Estonian military equipment prices up by third, producers under pressure

Member of the Estonian Defense Forces (EDF) in military gear.
Member of the Estonian Defense Forces (EDF) in military gear. Source: Joakim Klementi/EDF, Sõdur

The COVID-19 pandemic and Russia's full-scale invasion of Ukraine have put companies producing military equipment for the Estonian Defense Forces (EDF) under severe pressure, with delivery times and product prices increasing, the Estonian Center for Defense Investment (ECDI) said.

The individual equipment procured for members of the EDF includes various uniforms, boots, helmets, flak jackets and bulletproof vests, carrying systems and harnesses, gas masks and protective suits, backpacks, sleeping gear, tents and more, Robert Käsper, soldier category manager at the ECDI's Procurement Department, said according to a press release.

Although European companies typically participate in ECDI procurements in this field, their production has sometimes been relocated elsewhere, primarily to Asia. This fact had a very strong impact on procurement a few years ago, as China locked itself in in almost all sectors during the COVID-19 outbreak, and transport from major Asian ports was also difficult to arrange. Fabric deliveries did not arrive as quickly as planned, which spilled over into delays in finished products.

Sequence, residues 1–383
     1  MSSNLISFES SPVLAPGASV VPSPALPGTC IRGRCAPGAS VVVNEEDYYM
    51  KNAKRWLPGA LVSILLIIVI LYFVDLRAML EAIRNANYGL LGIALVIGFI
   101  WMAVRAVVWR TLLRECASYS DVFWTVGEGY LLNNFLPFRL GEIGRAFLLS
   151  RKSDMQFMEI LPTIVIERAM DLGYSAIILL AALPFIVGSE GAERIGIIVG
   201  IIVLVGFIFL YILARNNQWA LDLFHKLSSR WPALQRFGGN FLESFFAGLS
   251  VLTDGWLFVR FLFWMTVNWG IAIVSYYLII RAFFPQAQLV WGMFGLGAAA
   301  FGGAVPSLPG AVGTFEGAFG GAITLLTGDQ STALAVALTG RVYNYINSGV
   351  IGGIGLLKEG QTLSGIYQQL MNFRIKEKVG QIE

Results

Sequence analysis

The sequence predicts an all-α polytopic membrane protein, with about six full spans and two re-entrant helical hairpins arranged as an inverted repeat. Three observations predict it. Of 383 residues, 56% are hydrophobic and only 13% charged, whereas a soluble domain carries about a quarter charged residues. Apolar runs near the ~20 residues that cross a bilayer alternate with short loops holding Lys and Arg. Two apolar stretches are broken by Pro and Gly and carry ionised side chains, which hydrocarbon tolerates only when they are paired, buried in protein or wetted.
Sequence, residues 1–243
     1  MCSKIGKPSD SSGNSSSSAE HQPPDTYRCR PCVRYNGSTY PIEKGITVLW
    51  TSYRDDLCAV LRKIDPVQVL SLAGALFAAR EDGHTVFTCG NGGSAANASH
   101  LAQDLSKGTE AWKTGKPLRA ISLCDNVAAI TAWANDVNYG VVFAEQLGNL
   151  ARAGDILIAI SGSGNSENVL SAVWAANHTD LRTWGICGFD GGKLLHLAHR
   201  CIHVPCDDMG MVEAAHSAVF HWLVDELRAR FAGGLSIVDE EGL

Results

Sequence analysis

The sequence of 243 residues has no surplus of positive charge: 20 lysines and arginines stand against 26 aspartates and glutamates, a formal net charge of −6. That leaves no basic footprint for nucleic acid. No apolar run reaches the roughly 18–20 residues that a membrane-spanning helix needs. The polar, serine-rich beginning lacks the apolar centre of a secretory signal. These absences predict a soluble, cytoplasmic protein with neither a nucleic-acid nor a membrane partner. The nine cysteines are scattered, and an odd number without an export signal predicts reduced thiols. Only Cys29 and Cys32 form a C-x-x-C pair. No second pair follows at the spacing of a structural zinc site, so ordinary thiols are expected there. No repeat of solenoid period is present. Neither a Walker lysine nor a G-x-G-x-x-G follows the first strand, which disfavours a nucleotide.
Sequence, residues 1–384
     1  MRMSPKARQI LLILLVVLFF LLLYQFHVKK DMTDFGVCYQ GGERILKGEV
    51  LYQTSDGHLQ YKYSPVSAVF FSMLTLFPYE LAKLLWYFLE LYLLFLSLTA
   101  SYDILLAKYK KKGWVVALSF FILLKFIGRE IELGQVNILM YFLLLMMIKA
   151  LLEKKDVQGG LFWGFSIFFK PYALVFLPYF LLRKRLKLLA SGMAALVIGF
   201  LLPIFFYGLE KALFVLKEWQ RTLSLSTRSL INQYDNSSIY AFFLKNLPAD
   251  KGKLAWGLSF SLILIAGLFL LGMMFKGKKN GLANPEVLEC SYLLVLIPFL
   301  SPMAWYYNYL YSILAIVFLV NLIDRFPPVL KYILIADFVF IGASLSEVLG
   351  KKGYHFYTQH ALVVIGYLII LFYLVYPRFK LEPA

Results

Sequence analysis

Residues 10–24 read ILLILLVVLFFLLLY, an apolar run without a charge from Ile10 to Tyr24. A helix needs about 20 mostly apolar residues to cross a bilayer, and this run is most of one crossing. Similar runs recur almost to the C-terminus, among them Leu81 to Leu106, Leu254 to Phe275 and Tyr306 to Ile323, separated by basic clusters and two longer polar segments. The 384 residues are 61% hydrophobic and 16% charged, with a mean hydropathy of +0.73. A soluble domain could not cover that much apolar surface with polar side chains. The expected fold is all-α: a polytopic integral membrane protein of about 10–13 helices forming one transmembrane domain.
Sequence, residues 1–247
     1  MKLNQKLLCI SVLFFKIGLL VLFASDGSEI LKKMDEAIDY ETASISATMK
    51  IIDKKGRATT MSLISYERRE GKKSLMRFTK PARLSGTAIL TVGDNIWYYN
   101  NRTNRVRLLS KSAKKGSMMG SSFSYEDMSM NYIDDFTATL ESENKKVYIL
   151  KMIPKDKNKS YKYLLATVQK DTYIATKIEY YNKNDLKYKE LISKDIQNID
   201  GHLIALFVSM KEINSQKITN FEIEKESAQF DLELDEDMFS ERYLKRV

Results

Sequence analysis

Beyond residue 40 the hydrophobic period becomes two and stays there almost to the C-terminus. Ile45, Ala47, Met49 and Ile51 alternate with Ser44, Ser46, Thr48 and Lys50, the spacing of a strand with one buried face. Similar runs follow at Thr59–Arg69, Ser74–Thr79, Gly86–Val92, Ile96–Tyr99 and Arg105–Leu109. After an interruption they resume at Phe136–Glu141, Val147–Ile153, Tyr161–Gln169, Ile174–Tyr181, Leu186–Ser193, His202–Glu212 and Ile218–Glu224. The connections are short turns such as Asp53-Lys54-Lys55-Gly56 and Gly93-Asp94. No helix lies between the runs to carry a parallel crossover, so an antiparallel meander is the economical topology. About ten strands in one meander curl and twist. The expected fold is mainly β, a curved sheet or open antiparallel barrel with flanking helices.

"Hats worn under helmets and neck gaiters, for example, were two products we were rather worried about for some time," Käsper said. "The Estonian manufacturer was supposed to receive fabrics from China to make them, but they were delayed for a very long time. Another example — we ordered berets from the Czech Republic for a very specific deadline, but due to COVID, the factory that makes berets was simply shut down for three weeks."

War in Ukraine affecting availability

Russia's ongoing war in Ukraine has affected the availability of personal equipment in Europe for three main reasons, according to the ECDI.

First, raw materials are sourced primarily from the Far East, and there are signs indicating that delivery times have already increased compared to business as usual. Second, many volunteer organizations and companies are working hard to provide Ukrainian troops with essential protective equipment. As a result, producers are facing intense pressure, stocks are largely sold out and new production has to wait longer for delivery.